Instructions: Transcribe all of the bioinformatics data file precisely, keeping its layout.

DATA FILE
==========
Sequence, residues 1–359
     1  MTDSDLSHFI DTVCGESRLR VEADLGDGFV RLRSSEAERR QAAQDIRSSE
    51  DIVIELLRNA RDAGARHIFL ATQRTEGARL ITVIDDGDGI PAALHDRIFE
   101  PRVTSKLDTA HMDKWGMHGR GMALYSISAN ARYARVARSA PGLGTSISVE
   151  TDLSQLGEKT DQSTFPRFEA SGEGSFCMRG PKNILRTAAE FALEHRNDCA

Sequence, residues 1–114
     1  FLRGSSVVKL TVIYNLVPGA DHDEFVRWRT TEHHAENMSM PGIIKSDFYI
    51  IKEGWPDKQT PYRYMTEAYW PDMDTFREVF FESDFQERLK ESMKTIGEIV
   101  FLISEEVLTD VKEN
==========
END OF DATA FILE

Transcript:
Sequence, residues 1–359
     1  MTDSDLSHFI DTVCGESRLR VEADLGDGFV RLRSSEAERR QAAQDIRSSE
    51  DIVIELLRNA RDAGARHIFL ATQRTEGARL ITVIDDGDGI PAALHDRIFE
   101  PRVTSKLDTA HMDKWGMHGR GMALYSISAN ARYARVARSA PGLGTSISVE
   151  TDLSQLGEKT DQSTFPRFEA SGEGSFCMRG PKNILRTAAE FALEHRNDCA

Sequence, residues 1–114
     1  FLRGSSVVKL TVIYNLVPGA DHDEFVRWRT TEHHAENMSM PGIIKSDFYI
    51  IKEGWPDKQT PYRYMTEAYW PDMDTFREVF FESDFQERLK ESMKTIGEIV
   101  FLISEEVLTD VKEN